It's a nice summer day and you're relaxing in your yard. Suddenly, you feel something bite you. You may begin to itch, when another bite takes place, and then another. It's those pesky mosquitoes again. Why do these insects annoy us and what can we do about it?
Mosquitoes have been around for millions of years. These insects have many sensors on their tiny bodies, which enable them to seek out humans for their attacks. Mosquitoes hatch from eggs, which need water to develop. When they complete the stages of their life cycle leading them into adulthood, they leave the water. Interestingly enough, it is only the female mosquito that bites, because she depends on blood for protein for her eggs. The male mosquito feeds on plant nectar.
The first line of defense against these pesky creatures is avoidance. Since mosquitos are attracted to smells, you should avoid wearing perfumes and strong hairsprays in the summer. Insect repellents such as DEET are also very effective. Wearing long sleeves and pants when possible and limiting your outdoor activities between dusk and dawn helps as well. The time between dusk and dawn is the peak time for mosquitoes. It is also wise to drain standing water on your property, as mosquitoes need the water for their life cycles. Also, repair or install screens in your home's windows and doors. Some recommend taking one tablet of vitamin B-1 twice a day as a use to repel these nasty creatures.
If you do fall victim to mosquitoes, there are a number of remedies you can use to help with the discomfort of their stings. Instead of scratching, try hitting the bite. It is the scratching that will cause swelling. You can also apply an ice pack to deal with the symptoms or use cool compresses. Calamine lotion or anti-itching lotions such as a 1% hydrocortisone cream will help to relieve the itching. Anti-inflammatory drugs and antihistamines can control your symptoms as well.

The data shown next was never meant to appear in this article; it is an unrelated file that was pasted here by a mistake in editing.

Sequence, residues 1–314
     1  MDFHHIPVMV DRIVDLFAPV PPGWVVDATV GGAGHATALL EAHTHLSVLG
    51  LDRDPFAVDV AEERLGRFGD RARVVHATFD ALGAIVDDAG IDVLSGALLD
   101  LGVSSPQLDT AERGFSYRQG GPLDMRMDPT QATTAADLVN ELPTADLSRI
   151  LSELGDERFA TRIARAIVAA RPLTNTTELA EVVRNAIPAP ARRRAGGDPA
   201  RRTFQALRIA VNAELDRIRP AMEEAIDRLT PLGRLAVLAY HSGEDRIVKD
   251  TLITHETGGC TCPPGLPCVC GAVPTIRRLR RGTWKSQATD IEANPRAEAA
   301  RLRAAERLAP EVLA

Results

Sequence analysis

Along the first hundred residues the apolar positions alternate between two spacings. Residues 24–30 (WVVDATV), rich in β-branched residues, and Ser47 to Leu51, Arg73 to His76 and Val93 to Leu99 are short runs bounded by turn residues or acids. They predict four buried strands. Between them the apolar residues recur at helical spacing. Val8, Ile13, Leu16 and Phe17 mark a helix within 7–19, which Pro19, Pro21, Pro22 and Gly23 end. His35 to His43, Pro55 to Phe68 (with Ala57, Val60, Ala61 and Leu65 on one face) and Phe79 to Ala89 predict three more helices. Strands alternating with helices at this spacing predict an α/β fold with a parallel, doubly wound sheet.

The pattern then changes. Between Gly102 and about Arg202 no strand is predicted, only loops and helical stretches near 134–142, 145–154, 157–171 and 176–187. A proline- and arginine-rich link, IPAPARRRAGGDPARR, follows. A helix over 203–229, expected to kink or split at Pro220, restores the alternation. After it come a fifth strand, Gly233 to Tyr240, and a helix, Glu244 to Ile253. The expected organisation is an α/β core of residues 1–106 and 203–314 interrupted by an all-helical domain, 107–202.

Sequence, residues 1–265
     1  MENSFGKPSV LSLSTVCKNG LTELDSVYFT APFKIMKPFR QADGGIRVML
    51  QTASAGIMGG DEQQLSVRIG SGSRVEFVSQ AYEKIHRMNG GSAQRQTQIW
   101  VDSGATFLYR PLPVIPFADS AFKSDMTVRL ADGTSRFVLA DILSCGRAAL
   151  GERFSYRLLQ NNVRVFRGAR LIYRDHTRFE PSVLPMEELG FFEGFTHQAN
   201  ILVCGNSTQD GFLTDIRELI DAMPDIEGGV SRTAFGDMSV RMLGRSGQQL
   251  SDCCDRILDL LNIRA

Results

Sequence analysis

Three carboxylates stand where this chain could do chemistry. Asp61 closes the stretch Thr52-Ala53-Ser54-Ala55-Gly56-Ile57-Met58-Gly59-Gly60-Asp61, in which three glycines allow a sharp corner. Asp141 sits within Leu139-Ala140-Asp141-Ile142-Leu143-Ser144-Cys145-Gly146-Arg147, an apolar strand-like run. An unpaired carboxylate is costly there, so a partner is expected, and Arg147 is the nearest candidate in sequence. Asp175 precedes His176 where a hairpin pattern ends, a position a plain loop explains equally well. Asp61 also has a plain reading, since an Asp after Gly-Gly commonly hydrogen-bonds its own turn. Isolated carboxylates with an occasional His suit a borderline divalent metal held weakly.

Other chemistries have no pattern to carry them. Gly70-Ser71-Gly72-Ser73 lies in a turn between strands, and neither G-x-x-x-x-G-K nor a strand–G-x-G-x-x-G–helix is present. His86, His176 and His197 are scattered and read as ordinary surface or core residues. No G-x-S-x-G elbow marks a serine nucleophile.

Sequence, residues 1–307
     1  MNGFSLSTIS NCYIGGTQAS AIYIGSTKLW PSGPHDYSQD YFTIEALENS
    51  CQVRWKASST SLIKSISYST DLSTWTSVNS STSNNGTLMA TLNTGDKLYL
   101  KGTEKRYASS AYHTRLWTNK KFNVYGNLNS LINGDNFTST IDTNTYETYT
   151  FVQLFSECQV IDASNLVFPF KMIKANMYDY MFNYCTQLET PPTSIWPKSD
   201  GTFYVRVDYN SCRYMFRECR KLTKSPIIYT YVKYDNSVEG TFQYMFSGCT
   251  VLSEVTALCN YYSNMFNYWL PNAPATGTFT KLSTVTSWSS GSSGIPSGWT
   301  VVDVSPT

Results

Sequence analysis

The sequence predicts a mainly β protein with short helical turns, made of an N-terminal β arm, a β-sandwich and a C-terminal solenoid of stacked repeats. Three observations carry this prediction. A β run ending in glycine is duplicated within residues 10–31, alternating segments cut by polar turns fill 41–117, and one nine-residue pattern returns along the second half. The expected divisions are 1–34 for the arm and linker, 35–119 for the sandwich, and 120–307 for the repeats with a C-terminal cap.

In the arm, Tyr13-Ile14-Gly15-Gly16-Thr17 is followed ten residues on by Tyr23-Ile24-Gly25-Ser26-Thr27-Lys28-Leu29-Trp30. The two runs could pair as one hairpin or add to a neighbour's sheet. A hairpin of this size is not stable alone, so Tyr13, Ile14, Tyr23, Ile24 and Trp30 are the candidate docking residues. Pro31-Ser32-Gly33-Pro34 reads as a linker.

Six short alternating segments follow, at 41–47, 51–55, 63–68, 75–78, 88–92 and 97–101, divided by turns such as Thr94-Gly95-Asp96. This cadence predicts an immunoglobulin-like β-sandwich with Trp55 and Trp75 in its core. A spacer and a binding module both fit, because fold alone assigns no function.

Among the remedies found in your home, mint toothpaste is probably the best known. By applying this to the infected area, the itching and swelling will be relieved. Putting rubbing alcohol or vinegar on the area is also effective. Mixing meat tenderizer with water or vinegar to form a paste, and spreading it over the swelling is something else you can try. Some claim a deodorant or antiperspirant rolled over the area will do the trick. Visine or plain old lemon juices are also some remedies. If all else fails, you can always try an oatmeal bath.
Another remedy is to try rubbing a wet bar of soap over the bite until a paste forms. Sometimes wetting the bite and putting salt on it will work. Dabbing witch hazel on the bite will also help the itch. Some suggest painting the bite with clear nail polish to relieve your symptoms. If you happen to be at work, try putting a piece of scotch tape over the bite for a while.
The main reason for these remedies, beside relief, is to control the itching so it doesn't lead to bleeding, scabbing, or possible secondary infections. Just keep in mind that although we might view mosquitoes as pesky creatures, in rare instance they can be dangerous. They can transmit fatal diseases such as mosquito borne encephalitis, malaria, and West Nile virus. Protection goes a long way.